Getting ready for the bald eagles in Haines, so I’ll try to post something “eagle-ish” before too long. And watch out for a new video coming your way!
If you like the photo, please show some love with a comment below, or at least a little ‘Facebook’ share or like. Thanks all.
October 19th, 2013 by Carl
A young polar bear cub in snow, Arctic National Wildlife Refuge, Alaska. Ursus maritimus. Please click on the image above to view a larger version of this photo.
I just got back from 10 days in the arctic, photographing polar bears. Amazing creatures to watch and be around. We were lucky to have a few opportunities with mothers and their cubs (mostly 2 year olds). This particular afternoon we found a young sow and her cubs of the year (born this past January) and they were about as cute as cute gets. Great fun and everyone had a blast watching them.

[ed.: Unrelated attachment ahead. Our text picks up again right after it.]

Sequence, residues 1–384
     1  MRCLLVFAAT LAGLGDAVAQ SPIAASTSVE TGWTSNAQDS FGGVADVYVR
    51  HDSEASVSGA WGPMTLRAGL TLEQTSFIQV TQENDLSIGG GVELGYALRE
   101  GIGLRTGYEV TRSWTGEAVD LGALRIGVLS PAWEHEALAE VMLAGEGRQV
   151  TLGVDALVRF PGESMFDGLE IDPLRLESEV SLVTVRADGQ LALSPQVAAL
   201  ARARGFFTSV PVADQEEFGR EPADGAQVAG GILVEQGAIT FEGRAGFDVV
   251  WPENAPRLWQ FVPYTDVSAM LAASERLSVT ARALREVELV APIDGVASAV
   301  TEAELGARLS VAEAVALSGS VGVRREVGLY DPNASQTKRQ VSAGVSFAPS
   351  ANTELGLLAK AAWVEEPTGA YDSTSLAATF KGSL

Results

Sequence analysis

I’ve got about a thousand things to do right now, so I’ll try to get around to editing some images and posting something more over the weekend or early next week, but for now, hopefully you’ll enjoy this cute little polar bear cub.
October 6th, 2013 by Carl
2 male brown bears playing in Katmai National Park, Alaska. Please click on the image above to view a larger version of this photo.
Told you there were bear photos to come!
Just in from a few weeks in Katmai National Park where we had an amazing time with the bears and a whole lot more. Some incredible situations.
This one we were lucky enough to have these 2 adult male brown bears decide to play and wrestle away the day .. for nearly 30 minutes we watched, photographed and videoed the action. Good times indeed!
I’m heading to the arctic for polar bears. Catch ya soon,
September 16th, 2013 by Carl